A company called Havas Media tracks brands in an annual report called the Meaningful Brands Survey. Havas has been doing this research since 2008. In the 2019 edition, the number of brands people considered “meaningless”—indicating that they couldn’t care less if the brand disappeared—rose to 77% from the previous year’s 73%, a 4% jump. Things seem to getting worse, not better.
According to this survey, what makes a brand meaningful is the successful delivery of the functional, personal and collective benefits people expect from it. In other words, the brand does what it says. It delivers what it promises. Its actions reflect its words.
In this series, we’ve talked about things like purpose, promise and positioning. Some of these concepts are difficult to comprehend, but proof is simple.
Proof is the reason to believe in your brand promise. Proof points provide the experiential evidence that you’re telling the truth about who you are and what you have to offer. They show you’re making a promise you can keep. Your proof points might involve the unique skills you bring to the table, your proprietary technology or the way you treat customers. For example, if you’re promising customers they’ll save money by using your product, you’ll need proof. How will you help them save money?
Let’s take a look at the brand we created in an earlier article entitled Activating your brand strategy. We created a fictional product called Rheumalert, a monitoring device for people who suffer from arthritis. Rheumalert’s promise is “Don’t give pain a chance.” So how does the product do that? Some of the proof points are:
Even though these points sound like proof, they still need to be demonstrated. This activity can take many forms. You could provide patient, healthcare practitioner (HCP) and/or pharmacist testimonials. You could create demonstration videos. You could offer research data or reputable third-party validation. You could provide pharmacists and HCPs with easy patient onboarding kits. Most important, you could track the device’s performance among patients, HCPs and pharmacists, and use the data to support your claims. Performance tracking also allows you to make adjustments and improvements as necessary.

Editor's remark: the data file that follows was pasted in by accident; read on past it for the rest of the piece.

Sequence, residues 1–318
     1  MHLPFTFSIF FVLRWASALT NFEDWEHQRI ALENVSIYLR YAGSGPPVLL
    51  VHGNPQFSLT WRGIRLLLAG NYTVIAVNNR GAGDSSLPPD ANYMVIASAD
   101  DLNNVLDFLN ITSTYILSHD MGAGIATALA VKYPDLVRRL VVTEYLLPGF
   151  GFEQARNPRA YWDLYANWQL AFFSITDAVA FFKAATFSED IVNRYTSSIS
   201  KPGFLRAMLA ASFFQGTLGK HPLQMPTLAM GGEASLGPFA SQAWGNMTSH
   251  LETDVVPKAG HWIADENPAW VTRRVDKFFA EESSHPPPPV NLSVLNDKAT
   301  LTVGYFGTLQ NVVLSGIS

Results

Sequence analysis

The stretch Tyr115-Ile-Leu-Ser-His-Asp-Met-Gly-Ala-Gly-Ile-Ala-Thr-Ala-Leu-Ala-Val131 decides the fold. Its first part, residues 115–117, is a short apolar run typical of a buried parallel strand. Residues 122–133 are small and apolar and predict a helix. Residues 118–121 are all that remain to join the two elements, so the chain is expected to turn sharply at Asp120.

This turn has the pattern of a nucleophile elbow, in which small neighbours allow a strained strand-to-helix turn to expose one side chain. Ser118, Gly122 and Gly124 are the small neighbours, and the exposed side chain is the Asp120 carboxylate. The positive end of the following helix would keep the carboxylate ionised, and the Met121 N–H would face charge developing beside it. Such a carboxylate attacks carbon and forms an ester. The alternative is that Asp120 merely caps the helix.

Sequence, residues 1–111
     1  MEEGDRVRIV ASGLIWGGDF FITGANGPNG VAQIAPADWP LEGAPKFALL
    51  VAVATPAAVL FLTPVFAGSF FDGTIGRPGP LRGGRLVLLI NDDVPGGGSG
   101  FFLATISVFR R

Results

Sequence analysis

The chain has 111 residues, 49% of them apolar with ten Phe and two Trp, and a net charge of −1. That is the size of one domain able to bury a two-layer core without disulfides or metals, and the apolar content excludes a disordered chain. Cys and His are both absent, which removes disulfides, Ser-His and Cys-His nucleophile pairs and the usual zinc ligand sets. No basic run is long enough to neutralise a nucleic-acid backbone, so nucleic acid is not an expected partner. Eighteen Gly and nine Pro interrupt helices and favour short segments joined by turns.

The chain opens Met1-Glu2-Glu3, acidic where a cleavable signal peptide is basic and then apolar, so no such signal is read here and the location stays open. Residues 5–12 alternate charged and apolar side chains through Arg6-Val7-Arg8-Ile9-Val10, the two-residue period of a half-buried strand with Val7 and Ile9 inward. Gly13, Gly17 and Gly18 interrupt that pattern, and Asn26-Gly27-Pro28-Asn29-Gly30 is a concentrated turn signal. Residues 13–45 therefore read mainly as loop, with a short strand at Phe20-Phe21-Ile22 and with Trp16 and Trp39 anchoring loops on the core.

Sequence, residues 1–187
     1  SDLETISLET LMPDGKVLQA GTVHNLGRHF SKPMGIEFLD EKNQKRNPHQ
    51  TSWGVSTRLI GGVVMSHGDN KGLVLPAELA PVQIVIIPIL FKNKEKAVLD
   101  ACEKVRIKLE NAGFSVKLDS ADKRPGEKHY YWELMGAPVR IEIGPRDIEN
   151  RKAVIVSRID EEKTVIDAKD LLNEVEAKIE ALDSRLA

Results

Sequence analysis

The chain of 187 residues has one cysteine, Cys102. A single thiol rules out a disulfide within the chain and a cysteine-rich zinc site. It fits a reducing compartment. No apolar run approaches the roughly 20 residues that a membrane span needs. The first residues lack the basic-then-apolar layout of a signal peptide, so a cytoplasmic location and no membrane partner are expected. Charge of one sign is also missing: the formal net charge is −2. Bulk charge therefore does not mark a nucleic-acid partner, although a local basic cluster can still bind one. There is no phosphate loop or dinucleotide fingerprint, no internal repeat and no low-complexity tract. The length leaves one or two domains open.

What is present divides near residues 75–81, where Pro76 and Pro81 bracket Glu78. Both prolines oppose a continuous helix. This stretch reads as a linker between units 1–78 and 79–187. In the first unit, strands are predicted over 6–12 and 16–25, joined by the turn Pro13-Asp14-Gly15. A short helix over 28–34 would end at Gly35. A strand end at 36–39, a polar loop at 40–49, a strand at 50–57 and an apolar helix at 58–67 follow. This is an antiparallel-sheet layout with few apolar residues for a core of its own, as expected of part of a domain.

One company that provides a good example of using proof to sell its brand is the DNA testing kit 23andme. The company offers two products: an Ancestry Report and a Health Report. The latter costs twice as much as the former, because it also provides data on health predispositions, wellness, carrier status and traits. Its website is loaded with proof points.
To support its accuracy claims, 23andme boasts the following:
The company presents itself as simply as possible with a clean and clear website. It uses both text and imagery sparingly—making it very easy for people to understand what the company is, how it works and what benefits it delivers. To support its ease of use, the company states the process is as simple as spitting into a tube, putting it in the mail and waiting for the results: “It’s just saliva. No blood. No needles.” In other words, it tells you exactly as much as you need to know and not a bit more.
Word of mouth is powerful proof, and 23andme is also very good at letting clients tell their stories. Customer testimonials are often the most reliable sources of credibility and trust for any brand, and there are plenty on the 23andme website.
Proof is the difference between a good brand and a bad one. It’s the only way to tell whether what you are talking about is the real deal or just another false claim. Proof points are ultimately the foundation your brand is built on. Without them, you will quickly become one of the 77% of brands people don’t care about.
Read more about the 6Ps of branding, including: